Well, I am a moving no :)

I will tell you a secret, there is a good reason why I was never into playing a team sport. The thing with team playing is that you should blindly trust your teammates. You both are supposed to play for the team not for personal glory. I don't like the latin American's football I tend to enjoy the European more. There is no "I" in a team, regardless that this "I" could be brilliant but without his teammates he wouldn't win a game by himself.

Individuality is something appreciated else where. You can't preserve being a distinct individual in a team. The only room for individuality is left to the team leader. And even his individuality is supposed to serve the team. A team is one person made up of different pieces. If one piece decided to work alone it will be like cancer to human body. It will kill it.
I see Mido as cancer that's why I don't like him. He is a good player, he has skills but he alone can't win a match. He needs another 10 players to help him do it. Shikabala too is an individual player who thinks that he can win a match alone. He is a good player but not of my taste. That's actually why I don't like Zamalek, it is the team that has the best players in Egypt all knowing they are the best and all playing alone.

And that's why I have always been a fan of Al Ahly. They are a team.

Ahmad said...

I recommend watching the next match of Zamalek on Sunday, the players needed a leader and hossam is doing a very good job at that.

Ahmad said...

aslo I think we shouldn't choose between individuality and team work, they should go together hand in hand. Each person is unique, but should use this uniqueness for the benefit of the team. Balance is the key.
But I still think that Alahly and the national team are run with a dictatorship mentality, individuality is not allowed at all, that's the dominant culture in Egypt, like the communist systems.
Check this strange news today for example:

من ناحية أخري، قرر هادي خشبة مدير الكرة في الأهلي تغريم حسين ياسر لاعب وسط الفريق 10 آلاف جنيه بسبب الهجوم الذي شنه علي الجهاز الفني في التصريحات التي أدلي بها مؤخرا لبعض وسائل الإعلام.

ووجه خشبة تحذيرا أخيرا للاعب وطلب منه عدم تكرار تجاوزته والخروج عن النص، وهدده بتغريمه مبالغ مادية كبيرة.

الخروج عن النص!!?

In this conformist system, one should not object or stand up for his rights. Same thing happened recently with Ameer Abdel Hamid, the Ahly goal keeper, when he dared to object he was immediately silenced, actually they got rid of him all together!

Stay in line/conform (Ahly) VS Step out of line (New Zamalek led by Hossam) ,

that's my opinion of what the two teams represent today. We need this new-zamalek's spirit if Egypt wants to change.

Shimaa Gamal said...

I am going to watch the next match for zamalek :) Not only because of the new style because I am actually that into football. I keep an eye on the Egyptian league :)

As a person, I hate chaos. I like people to follow rules unless they are really big enough to break them. I don't repsect anyone who thinks that breaking a rule is really an innovation because rules were put to make things better. It is just like breaking a traffic light just because there was no one else in the street. This is not innovation, it is endangering someone else because our assessment showed no risk.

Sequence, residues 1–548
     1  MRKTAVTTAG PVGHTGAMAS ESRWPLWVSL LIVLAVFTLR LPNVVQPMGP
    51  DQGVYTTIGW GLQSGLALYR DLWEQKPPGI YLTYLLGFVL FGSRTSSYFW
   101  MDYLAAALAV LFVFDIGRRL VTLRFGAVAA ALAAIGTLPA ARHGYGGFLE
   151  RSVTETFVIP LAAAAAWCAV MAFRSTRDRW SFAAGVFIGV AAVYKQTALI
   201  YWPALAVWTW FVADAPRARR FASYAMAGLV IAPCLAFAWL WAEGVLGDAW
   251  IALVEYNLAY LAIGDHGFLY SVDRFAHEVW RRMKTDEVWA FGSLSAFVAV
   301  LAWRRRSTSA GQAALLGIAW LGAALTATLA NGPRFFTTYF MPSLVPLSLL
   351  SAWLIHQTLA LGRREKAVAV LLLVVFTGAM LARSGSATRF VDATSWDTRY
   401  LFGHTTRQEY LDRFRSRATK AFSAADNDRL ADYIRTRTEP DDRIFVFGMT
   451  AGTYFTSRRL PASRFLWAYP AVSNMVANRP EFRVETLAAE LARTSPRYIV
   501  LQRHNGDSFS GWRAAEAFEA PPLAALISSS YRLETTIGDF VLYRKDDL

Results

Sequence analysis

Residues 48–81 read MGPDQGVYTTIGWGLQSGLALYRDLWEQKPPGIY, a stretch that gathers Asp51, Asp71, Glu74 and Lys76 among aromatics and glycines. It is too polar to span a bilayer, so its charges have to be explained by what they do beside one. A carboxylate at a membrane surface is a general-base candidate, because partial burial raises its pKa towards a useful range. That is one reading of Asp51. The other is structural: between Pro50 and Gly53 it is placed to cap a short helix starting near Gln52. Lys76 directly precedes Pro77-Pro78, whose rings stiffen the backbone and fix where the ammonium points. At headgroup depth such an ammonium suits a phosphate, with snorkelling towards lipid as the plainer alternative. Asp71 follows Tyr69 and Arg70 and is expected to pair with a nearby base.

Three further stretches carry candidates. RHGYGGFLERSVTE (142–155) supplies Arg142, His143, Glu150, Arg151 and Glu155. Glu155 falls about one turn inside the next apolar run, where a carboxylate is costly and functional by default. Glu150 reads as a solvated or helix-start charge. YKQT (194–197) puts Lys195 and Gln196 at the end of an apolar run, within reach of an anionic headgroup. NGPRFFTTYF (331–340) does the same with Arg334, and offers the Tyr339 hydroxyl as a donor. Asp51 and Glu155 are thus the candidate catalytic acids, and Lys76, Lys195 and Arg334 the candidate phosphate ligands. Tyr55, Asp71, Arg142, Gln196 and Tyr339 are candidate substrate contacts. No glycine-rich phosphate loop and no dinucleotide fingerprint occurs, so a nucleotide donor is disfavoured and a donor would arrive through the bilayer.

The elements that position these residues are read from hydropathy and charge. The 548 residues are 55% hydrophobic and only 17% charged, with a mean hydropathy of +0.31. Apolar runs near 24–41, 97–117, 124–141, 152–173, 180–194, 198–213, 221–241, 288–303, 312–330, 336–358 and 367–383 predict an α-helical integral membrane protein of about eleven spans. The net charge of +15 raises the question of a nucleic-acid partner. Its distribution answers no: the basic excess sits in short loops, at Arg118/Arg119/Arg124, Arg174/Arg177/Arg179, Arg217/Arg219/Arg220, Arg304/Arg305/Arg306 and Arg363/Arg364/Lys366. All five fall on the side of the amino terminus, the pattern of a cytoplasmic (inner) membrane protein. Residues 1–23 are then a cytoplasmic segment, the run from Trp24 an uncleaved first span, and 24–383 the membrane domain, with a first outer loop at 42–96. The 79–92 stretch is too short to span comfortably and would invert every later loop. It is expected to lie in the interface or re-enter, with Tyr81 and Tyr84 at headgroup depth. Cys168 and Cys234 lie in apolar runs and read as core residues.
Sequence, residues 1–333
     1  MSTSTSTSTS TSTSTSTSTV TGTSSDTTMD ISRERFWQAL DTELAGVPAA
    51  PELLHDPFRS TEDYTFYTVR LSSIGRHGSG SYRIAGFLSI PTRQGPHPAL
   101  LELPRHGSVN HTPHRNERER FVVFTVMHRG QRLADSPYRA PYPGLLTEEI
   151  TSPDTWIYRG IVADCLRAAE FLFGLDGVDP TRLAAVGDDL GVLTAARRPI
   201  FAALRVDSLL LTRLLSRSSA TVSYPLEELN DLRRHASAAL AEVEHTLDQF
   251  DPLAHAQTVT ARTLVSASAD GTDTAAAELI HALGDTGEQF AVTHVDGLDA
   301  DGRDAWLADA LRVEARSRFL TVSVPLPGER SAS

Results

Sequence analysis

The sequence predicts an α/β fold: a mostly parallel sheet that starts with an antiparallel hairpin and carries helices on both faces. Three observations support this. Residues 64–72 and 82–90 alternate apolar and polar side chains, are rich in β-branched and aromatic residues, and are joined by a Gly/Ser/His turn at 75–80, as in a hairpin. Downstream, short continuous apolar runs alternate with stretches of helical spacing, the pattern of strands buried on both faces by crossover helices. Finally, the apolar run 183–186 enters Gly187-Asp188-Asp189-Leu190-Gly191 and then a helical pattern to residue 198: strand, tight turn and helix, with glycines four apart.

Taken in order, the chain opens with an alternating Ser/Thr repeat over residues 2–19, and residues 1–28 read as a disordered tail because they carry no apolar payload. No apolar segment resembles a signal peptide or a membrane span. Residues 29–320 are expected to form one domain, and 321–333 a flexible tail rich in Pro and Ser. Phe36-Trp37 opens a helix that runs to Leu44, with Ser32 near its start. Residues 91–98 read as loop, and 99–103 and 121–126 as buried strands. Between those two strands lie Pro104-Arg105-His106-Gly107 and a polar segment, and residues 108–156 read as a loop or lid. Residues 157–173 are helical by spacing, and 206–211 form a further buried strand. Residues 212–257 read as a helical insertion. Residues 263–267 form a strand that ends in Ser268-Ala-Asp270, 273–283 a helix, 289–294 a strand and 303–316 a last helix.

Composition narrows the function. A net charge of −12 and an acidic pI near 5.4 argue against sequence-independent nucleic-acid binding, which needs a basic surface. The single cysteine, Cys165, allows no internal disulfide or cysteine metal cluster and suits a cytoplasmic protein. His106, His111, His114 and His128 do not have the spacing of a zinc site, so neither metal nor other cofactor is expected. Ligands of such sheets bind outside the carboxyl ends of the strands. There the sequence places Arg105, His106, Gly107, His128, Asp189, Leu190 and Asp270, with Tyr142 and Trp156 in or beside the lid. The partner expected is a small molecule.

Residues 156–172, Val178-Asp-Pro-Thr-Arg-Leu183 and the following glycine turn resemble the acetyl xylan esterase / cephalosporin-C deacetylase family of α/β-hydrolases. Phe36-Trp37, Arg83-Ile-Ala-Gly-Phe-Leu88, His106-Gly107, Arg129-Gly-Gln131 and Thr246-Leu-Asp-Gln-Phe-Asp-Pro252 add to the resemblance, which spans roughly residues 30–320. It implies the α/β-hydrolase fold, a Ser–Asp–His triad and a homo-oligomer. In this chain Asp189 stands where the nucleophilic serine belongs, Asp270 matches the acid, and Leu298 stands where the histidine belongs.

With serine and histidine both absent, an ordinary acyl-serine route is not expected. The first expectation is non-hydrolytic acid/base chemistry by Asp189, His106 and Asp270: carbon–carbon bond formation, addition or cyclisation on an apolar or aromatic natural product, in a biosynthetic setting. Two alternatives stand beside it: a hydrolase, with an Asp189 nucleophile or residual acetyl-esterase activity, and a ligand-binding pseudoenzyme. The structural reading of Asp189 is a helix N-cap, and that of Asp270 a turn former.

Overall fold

I understand how some leaders end up dictators. Because leaders are responsible for the results. If you are to assume full responsibility you better do things your way. Because no one would step in to take the blame when the team fails.
The difference between a good leader and a bad one is that a good leader is a dictator who gets his people involved in the decision making a bad one just enslaves them :)

Ahmad said...

see what i mean, Hossam did it at the last minute of the game. Determination is his trade mark, masha'allah.

Shimaa Gamal said...

Ahmad this is when I will play mean and tell you "Hossam is made in El Ahly" ;) He just introduced the spirit to Zamalek :p

I am just kidding :) It is really good to see El Zamalek back to winning :) I hope they keep on like this :)

Ahmad said...

Actually Ahly couldn't take his spirit and got rid of him, he then went to zamalek and won them the league 3 or 4 years.

I always admire the spirit not the skills, Hossam didn't have much skill as a player, but he had a teremendous fighting spirit.

Imagine if the clumsy civil servants had this dedicated spirit, the country could work miracles.

Hossam lost the first game with zamalek, check out his reaction giving hope to the players,

I like it !

Ahmad said...

A picture is worth a thousand words

Shimaa Gamal said...

you know this very incident when mido objected his coach's decision is one of the reasons I don't like him :)

Plus Amr Zaki scored right after that :)

I think I just don't like him :) I am mean :))

Ahmad said...

That incident happened because shihata was unfair towards Mido, it happened again this week when he made him join the list of the national team for 4 days then kicked him out in a humiliating fashion. It seems that Shihata wants obedient robots, who don't stand up for their rights, same mentality rules the whole country. But this means he is gonna lose big time in Angola this month, since he is unfair and dealing with double standards with the players, just wait and we will see.